What we’ve learned is that the Obamacare gains in coverage were largely a result of the Medicaid expansion and that most of the gain in private coverage through the government exchanges was offset by a decline in employer-based coverage. In other words, it is likely that most of the people who got coverage through the exchanges were already insured.Claiming to expand Medicaid while leading millions to lose their employer-provided insurance wouldn't have had the same appeal as pretending that the law would provide coverage for those who do not have health insurance, would it?
Heather MacDonald explores how the public-health establishment has been more interested in social-justice issues rather than true health issues.
Gosh, I'm going to miss Senator Tom Coburn. He has always seemed as a straight shooter and we'll miss his publication of an annual "Wastebook" detailing government waste. Here are some examples from his final "Wastebook."
The first example cited in the report is the millions spent on what one attorney called the government’s “dirty little secret”: paid administrative leave for troublesome employees. Workers who were placed on leave for disciplinary reasons, such as misconduct, security concerns or criminal issues, received $20 million while on leave this year.
These workers, according to Coburn, were essentially on a paid vacation that can last for months or years. The GAO also detailed this phenomenon in a report Monday. According to the GAO, during a three-year period more than 57,000 employees were placed on leave for 30 days or more, costing taxpayers $775 million in salary alone.
Another wasteful project with a big price tag is the Pentagon’s plan to destroy $16 billion in military-grade ammunition that it deems no longer useful. Sounds pricey, right? Well add in the fact that on top of that, the feds plan to spend $1 billion just to destroy the ammo.
“The amount of surplus ammunition is now so large that the cost of destroying it will equal the full years’ salary for over 54,000 Army privates,” the report notes.
So why is Obama always surprised when the government is involved in a scandal or proves itself to be incompetent?
The president and his staff have seemed flat-footed, reactive, surprised, and at the mercy of outside events rather than in command of them. That has contributed to an abject feeling of powerlessness emanating from the West Wing—one augmented by the administration's own insistence at times that its reach is limited, that there was little it could to do to ease this summer's border crisis, or push Vladimir Putin back into Russia, or protect towns under threat from Islamic State forces.
So Obama was "madder than hell" when he learned about the patient backlogs at the Veterans Administration, aides said. He was angry when he was told about the problems with the federal health care website. He was mad when he found out that the Internal Revenue Service was targeting nonprofit political-advocacy groups....
One could argue that Obama, like many presidents before him (think George W. Bush and Hurricane Katrina), has been let down by the sprawling and largely unmanageable federal bureaucracy. After all, we don't expect our presidents to be omniscient or omnipresent. But sometimes Obama's surprises have been of his own making—dating back to the first days of his presidency.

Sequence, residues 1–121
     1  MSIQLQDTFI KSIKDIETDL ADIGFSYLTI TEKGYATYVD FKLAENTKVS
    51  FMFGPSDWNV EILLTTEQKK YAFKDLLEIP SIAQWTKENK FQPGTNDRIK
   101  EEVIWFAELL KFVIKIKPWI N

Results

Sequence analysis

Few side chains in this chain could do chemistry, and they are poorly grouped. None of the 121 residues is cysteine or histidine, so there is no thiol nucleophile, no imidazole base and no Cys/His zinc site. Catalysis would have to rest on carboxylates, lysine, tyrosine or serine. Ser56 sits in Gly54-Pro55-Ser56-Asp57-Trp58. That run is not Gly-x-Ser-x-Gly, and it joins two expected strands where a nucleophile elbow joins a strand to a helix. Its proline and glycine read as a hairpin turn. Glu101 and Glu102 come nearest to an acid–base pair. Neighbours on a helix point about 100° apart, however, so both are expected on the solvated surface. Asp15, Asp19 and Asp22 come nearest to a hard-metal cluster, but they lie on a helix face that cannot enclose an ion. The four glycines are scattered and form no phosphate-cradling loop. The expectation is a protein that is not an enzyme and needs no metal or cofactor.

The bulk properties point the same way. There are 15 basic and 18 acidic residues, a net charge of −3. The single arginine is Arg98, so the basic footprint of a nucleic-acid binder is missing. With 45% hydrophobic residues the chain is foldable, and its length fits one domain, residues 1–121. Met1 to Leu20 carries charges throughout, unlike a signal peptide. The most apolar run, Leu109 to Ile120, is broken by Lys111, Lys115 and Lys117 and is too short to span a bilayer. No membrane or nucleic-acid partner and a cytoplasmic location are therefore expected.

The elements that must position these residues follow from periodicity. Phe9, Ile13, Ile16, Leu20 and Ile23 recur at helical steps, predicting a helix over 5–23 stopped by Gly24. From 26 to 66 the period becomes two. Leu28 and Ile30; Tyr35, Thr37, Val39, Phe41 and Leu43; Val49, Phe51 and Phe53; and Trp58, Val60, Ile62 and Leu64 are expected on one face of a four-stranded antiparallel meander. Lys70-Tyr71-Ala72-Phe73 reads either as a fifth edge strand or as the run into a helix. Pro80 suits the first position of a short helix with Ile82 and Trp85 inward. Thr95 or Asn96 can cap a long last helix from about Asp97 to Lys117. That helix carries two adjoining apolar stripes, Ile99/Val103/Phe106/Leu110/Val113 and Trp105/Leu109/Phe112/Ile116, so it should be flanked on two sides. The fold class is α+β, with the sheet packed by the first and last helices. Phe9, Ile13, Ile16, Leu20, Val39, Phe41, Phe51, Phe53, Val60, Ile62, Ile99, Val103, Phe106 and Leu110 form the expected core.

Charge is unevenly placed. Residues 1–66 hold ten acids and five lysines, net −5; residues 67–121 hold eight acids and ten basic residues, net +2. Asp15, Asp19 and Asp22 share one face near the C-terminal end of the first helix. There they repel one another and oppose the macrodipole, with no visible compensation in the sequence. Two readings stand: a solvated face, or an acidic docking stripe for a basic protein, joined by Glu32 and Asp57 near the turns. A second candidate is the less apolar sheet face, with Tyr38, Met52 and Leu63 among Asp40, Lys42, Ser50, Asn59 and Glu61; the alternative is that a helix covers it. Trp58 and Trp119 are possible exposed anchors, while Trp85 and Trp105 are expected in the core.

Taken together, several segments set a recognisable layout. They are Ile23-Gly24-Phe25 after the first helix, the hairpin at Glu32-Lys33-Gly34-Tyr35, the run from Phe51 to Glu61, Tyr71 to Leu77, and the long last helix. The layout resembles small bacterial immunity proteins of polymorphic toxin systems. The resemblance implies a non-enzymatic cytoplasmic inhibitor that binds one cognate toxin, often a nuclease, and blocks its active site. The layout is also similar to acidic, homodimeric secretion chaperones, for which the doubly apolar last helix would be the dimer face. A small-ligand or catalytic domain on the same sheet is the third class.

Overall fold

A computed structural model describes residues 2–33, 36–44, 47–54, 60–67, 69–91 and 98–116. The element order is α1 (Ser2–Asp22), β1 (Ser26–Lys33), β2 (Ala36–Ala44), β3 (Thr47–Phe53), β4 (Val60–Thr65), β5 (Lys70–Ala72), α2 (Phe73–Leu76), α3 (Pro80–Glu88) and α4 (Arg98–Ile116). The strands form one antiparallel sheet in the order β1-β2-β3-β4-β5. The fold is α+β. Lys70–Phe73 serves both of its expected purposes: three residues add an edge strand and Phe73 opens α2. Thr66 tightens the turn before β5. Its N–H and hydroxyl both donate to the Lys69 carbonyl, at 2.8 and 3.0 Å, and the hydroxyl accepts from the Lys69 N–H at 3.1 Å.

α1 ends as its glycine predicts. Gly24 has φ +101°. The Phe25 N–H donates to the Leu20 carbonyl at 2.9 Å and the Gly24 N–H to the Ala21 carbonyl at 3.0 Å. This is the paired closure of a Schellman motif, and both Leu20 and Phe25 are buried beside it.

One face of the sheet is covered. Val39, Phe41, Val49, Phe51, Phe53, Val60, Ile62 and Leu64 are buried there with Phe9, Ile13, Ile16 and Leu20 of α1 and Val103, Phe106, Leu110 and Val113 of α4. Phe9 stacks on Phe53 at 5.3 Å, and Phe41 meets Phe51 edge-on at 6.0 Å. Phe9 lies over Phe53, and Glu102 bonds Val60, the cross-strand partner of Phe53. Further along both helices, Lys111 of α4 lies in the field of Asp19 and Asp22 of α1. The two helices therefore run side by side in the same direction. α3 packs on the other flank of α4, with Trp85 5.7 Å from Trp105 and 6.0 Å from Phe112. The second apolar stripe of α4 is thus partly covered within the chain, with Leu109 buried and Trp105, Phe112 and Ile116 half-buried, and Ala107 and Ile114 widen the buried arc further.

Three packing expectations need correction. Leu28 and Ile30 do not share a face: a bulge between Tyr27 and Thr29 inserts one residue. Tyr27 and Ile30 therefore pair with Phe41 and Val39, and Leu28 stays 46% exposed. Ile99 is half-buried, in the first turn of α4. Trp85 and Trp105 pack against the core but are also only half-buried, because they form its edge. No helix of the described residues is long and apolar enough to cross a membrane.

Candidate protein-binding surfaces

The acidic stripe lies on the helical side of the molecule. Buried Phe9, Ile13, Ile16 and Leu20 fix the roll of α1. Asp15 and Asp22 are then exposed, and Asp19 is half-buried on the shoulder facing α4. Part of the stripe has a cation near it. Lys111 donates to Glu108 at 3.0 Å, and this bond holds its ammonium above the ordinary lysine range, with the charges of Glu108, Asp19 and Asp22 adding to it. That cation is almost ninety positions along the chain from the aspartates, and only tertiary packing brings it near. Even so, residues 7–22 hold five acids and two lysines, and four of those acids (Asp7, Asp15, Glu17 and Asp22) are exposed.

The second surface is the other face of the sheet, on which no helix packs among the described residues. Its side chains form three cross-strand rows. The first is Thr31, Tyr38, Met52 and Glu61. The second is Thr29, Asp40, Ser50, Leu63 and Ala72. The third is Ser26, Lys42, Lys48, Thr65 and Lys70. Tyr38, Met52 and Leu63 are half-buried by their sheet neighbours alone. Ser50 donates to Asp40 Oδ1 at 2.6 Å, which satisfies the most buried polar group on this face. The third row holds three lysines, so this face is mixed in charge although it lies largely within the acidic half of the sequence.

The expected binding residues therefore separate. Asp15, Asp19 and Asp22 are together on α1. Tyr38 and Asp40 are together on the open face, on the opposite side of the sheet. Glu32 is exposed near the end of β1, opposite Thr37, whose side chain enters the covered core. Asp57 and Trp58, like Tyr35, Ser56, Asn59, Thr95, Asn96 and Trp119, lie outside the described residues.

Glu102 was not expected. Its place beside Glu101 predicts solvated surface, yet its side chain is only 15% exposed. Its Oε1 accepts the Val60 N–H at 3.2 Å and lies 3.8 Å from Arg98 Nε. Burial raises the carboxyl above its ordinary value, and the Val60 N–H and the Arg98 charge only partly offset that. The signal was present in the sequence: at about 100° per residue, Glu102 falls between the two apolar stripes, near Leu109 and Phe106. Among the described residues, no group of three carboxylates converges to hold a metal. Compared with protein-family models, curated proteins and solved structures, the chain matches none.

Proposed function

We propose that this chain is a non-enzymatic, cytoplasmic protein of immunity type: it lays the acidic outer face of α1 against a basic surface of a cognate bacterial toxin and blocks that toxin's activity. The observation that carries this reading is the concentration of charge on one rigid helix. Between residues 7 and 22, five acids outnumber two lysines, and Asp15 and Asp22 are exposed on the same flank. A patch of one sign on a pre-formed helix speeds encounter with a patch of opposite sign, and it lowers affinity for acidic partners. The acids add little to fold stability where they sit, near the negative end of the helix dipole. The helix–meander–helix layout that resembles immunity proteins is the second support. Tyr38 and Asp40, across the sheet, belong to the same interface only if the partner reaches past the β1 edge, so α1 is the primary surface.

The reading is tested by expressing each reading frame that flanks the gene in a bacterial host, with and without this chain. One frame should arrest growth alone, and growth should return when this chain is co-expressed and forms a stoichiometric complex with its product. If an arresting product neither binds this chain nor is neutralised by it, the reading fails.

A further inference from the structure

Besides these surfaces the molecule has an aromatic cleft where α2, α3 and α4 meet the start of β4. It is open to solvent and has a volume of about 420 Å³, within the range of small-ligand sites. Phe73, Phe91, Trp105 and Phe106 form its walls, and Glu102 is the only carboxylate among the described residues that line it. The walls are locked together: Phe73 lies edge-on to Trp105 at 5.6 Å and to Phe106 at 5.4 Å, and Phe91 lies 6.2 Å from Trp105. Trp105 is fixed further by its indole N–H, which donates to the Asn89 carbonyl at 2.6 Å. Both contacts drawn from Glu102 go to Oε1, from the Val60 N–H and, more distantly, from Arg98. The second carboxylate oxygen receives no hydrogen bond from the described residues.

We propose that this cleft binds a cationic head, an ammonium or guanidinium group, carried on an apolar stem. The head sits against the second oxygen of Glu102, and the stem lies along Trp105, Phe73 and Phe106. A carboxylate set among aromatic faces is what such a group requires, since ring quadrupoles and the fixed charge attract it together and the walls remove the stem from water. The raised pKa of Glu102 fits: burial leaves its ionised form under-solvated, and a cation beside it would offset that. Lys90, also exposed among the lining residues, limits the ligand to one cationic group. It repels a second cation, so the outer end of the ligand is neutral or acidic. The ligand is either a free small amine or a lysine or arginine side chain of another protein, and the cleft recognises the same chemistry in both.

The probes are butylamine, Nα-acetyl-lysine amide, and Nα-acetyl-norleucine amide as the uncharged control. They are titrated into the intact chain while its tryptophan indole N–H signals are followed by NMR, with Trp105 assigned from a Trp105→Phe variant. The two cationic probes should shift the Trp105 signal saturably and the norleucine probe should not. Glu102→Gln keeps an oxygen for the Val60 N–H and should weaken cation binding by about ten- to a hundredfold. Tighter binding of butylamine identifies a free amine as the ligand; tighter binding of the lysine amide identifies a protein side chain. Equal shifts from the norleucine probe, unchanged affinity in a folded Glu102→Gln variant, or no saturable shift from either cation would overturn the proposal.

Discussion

Interesting - an anti-immigration amnesty group is running an ad in Louisiana aimed at African-Americans saying that Obama's plan to give amnesty for illegal aliens would hurt African-Americans looking for jobs.
Ira Stoll hypothesizes what is behind Paul Krugman's criticism of Amazon.
Robert Tracinski writes, "No one expects the Secular Inquisition."
"Democrats may run, but President Obama won't let them hide." He is so solipsistic that he can't keep from inserting himself into elections where Democrats are trying to keep him out.
Ross Douthat writes about how conspiracy theories about government have trouble taking hold of people's imaginations because we have a hard time thinking that the government would be competent enough to run such a conspiracy.
I suspect that’s part of why Obama-era scandals that may actually involve secret government machinations — from the N.S.A. revelations to
the harassment of journalists and the politicized overreach of Lois Lerner’s I.R.S. division — haven’t fixed themselves in the public imagination, at least among people who don’t have an explicit ideological or political interest at stake. Wisely or not, Americans have trouble imagining the White House
that gave us the HealthCare.gov rollout micromanaging partisan I.R.S. chicanery, or the national security bureaucracy that couldn’t see 9/11 or the Islamic State coming doing anything all that Machiavellian with a firehose’s worth of online data.Likewise with Ebola: Of course you can find wild conspiracy theories, but the idea of a successful government cover-up — secret body bags, muzzled journalists — is basically laughable. Instead, the baseline anxiety is all about bureaucratic incompetence exacerbated by insouciance, with conservatives fearing that a liberal administration won’t be willing to go far enough — in terms of travel restrictions and quarantines — to effectively
contain the disease’s spread.
The true story behind Senator Hagan's votes benefiting her husband's business is worse than we thought.
Apparently, there were successful tests of an Ebola vaccine, but the efforts were abandoned after promising tests in 2008.
Good not to have to worry about this: "President of Belarus declares country's sausage is free of toilet paper"